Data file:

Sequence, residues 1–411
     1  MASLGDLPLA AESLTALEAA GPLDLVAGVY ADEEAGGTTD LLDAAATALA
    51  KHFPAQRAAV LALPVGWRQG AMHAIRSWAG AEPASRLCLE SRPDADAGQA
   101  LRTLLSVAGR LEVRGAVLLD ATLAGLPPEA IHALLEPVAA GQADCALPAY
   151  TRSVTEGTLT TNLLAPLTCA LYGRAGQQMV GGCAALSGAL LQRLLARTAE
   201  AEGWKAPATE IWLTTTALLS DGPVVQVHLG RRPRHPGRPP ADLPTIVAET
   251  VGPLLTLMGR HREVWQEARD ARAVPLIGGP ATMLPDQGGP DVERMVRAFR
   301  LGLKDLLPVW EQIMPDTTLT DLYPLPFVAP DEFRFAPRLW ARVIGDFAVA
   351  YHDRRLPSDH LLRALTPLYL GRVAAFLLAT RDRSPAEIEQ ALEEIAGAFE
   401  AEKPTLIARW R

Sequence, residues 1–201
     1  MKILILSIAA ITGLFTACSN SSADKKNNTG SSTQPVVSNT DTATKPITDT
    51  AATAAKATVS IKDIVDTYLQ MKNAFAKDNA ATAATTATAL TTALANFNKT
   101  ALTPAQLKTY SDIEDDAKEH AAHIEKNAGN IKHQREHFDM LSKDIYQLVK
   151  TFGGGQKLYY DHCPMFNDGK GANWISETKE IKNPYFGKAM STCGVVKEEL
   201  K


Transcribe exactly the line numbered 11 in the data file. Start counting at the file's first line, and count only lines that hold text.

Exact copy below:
Sequence, residues 1–201